Improving your credit
Your FICO score is a critical factor that can influence if you will get approved for a home mortgage loan.
The FICO score, the standard U.S credit rating, is largely responsible for the terms and conditions (including the interest rate) that you qualify for when you apply for a mortgage.
Determining Your FICO Score
Credit scores are calculated using the credit information gathered from credit bureaus such as TransUnion, Experian, and Equifax. This report contains details such as your employment, where you live, bill paying activity, and legal matters that you are involved in, such as arrests and bankruptcy.
Your FICO score is calculated based on the data in your credit report. This data is then grouped into four categories, including:
Payment History – Payment history is often used to gauge the likelihood a borrower will default on their loan. That is why paying your bills on time is key to getting a better rate.
Length of Credit History – A long and significant credit history also helps to improve your FICO score. Even if your payment history is a little shaky, your score can still lean on the higher end of the scale based on the age of your oldest account as well as the average age of all your accounts.
New Credit – The amount of newly opened credit and the type of account opened is another factor in your FICO score.
Type of Credit in Use – Consider the different types of accounts you have. Is there a variety that includes credit cards, retail credit, installment loans, finance company credit, and possibly a mortgage? A variety of credit accounts paints a clear picture of your credit profile.
Credit Inquiries – Having your credit pulled a lot in a short period of time for different types of financing can have a negative impact on your credit.
Collections and Charge-Offs – Letting accounts go to collection or charge-off status are negative indicators for your credit score and history of repaying obligations.
Understanding Credit: Different Types
Mortgages – payments on loans for homeownership, includes second mortgages / home equity lines of credit
Installment – closed end loans with set terms and fixed monthly payments. Includes auto loans and consolidation loans. Terms are usually 1 to 5 years.
Revolving – open end credit like credit cards and lines of credit
Student loans – loans for education, loan length and types of repayment can vary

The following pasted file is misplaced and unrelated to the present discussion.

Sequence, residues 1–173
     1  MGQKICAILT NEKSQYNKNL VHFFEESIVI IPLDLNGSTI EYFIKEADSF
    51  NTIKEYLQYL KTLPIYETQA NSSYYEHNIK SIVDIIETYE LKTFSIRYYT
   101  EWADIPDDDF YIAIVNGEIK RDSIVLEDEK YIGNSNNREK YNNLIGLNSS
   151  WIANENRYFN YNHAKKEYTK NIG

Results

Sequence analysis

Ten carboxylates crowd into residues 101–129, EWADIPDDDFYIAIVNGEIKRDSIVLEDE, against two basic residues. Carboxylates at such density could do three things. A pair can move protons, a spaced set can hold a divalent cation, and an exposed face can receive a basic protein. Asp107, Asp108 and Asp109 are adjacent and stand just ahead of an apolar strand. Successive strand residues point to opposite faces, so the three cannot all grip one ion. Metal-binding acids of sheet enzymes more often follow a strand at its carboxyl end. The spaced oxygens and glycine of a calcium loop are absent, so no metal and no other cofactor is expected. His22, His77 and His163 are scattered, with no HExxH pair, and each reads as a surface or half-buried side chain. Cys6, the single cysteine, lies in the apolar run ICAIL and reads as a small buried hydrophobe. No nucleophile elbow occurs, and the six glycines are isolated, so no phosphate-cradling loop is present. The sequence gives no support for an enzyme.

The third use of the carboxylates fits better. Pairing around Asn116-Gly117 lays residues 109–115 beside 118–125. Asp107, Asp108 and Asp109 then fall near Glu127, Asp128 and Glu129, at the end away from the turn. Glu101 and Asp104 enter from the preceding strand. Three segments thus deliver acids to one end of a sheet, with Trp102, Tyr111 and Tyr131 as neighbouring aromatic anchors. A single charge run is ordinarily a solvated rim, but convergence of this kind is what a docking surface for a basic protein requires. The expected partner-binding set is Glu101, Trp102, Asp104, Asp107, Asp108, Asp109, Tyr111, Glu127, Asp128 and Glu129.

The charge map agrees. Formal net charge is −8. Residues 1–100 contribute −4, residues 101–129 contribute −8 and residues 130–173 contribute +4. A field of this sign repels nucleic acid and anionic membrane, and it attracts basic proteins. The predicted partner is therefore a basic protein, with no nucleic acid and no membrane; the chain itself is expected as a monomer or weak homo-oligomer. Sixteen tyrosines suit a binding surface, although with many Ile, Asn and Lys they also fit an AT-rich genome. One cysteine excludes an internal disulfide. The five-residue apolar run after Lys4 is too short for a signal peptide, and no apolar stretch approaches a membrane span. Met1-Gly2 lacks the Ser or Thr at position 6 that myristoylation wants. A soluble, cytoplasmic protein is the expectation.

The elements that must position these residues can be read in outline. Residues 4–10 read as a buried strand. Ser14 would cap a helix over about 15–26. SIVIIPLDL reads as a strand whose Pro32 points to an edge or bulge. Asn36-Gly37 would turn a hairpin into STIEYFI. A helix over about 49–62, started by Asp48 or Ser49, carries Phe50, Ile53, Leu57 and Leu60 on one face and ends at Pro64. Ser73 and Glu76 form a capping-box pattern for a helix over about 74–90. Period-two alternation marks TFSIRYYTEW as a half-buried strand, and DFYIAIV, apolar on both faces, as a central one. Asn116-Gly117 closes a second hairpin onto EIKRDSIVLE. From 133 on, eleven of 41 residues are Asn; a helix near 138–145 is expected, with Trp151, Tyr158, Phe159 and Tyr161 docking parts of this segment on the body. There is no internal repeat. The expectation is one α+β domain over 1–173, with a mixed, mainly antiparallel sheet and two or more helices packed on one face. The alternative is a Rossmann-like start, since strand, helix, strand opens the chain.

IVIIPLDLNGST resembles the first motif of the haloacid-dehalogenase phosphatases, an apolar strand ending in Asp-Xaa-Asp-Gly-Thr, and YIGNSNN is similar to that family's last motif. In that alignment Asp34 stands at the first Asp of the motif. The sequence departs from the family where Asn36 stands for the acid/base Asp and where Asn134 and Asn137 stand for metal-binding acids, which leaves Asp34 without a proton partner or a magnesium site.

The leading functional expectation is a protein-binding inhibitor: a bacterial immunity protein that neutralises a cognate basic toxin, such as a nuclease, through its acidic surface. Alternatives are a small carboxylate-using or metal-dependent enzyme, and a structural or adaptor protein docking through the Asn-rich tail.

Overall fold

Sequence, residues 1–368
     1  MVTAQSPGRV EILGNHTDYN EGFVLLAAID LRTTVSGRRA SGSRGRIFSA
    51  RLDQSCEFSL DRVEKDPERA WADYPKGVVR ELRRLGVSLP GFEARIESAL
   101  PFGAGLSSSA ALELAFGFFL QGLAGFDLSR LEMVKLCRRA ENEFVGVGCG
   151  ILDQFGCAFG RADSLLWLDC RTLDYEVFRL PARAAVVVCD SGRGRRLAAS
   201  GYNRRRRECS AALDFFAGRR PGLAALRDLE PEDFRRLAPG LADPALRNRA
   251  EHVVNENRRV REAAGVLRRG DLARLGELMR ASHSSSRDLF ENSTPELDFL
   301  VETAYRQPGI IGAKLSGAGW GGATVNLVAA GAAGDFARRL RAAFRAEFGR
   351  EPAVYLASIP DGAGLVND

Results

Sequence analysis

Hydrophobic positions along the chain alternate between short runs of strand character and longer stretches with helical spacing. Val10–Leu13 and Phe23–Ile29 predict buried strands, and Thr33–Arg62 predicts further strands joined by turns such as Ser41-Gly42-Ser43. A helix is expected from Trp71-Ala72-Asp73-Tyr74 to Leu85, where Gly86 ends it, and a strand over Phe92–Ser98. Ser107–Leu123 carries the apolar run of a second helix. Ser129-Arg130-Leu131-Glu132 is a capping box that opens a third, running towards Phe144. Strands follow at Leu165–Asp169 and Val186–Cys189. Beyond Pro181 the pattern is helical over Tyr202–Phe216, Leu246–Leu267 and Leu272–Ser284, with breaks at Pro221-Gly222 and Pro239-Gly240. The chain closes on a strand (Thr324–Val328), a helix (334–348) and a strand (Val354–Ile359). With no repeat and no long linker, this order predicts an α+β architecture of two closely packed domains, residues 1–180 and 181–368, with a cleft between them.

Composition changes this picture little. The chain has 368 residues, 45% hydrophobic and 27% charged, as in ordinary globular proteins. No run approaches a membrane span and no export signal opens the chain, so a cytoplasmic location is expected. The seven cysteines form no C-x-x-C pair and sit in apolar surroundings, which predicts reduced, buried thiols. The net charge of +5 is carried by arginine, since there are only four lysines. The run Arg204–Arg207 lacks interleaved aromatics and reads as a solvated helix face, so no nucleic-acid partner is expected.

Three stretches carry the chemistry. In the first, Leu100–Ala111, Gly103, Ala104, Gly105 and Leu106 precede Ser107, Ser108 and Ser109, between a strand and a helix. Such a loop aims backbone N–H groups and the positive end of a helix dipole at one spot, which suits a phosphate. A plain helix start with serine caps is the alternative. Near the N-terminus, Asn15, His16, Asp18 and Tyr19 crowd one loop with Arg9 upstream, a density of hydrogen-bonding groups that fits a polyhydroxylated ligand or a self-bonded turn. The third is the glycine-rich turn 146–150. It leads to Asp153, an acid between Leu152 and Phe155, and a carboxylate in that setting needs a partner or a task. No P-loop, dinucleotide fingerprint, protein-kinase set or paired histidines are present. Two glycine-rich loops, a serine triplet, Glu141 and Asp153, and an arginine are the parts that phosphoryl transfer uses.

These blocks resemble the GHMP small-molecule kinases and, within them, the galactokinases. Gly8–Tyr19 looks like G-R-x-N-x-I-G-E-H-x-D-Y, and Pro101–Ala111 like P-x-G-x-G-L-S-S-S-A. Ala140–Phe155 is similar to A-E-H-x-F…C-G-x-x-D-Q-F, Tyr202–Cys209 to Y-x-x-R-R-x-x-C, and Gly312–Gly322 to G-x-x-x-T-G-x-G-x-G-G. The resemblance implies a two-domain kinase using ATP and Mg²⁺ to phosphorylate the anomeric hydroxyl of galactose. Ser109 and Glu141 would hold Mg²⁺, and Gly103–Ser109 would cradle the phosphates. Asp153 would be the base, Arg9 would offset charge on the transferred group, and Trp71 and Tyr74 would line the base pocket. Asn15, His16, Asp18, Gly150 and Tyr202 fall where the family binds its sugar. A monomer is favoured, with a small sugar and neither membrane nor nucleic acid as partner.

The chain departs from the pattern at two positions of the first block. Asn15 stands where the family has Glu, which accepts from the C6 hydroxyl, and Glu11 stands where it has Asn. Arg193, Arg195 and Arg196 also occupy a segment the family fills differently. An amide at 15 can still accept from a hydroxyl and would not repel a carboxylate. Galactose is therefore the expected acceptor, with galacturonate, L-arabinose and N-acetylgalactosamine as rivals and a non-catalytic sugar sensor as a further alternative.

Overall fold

Ideas to Raise Your FICO Score
The good news is that no matter where your FICO score is right now, it can change! Your credit history is a motion picture and not a stagnant
photograph. You can actually make pretty big improvements on your credit in short periods of time depending on your circumstances
Here are our top insider tips to get a raise your credit score:
1. Keep Credit Balances Low
Using too much of your open credit can lower your FICO score significantly. Attempt to keep your balances below 20%. If that is not possible, do your best not to max out your available credit.
2. Pay Your Bills On Time
Delinquency and the severity of it weigh heavily on your FICO score. If you have any judgments or liens on your report, clear those up as soon as possible. Paying off collections and charge-offs from your past helps your credit as well to show your ability to make right with your previous creditors.
The most important period of time on your credit is the most recent 12 – 24 months up to purchasing your home. The more recent instances of derogatory credit that exist, the more it harms your credit score and ability to get a mortgage. The further and further out you get from bad marks on your credit, the less and less it impacts your credit score.
3. Keep Credit Revolving
Though it seems like the right thing to do, you don’t want to close your unused accounts, especially credit cards. Open credit affects your credit usage, as well as the average age of your accounts.
So even if you’ve transferred the balance of one credit card to a newly opened account, keep that old account open and active. A simple way to keep it active is to make small recurring purchases, like gas or coffee.
If you do not have a lot of open tradelines, sometimes opening a new credit card to help develop your credit history can lead to big improvements on your score. This should always be reviewed with your CityWorth Banker before applying for the new card. In some situations, this can lead to lowering your score because the age of the account is so new. Your banker will be able to guide you in the best direction.
4. Review Credit Score Thoroughly
Review the factors of your FICO report completely. Though the credit bureaus try to be as accurate as possible, mistakes are common. Make sure all the information is correct and notify the credit bureau if you found any errors.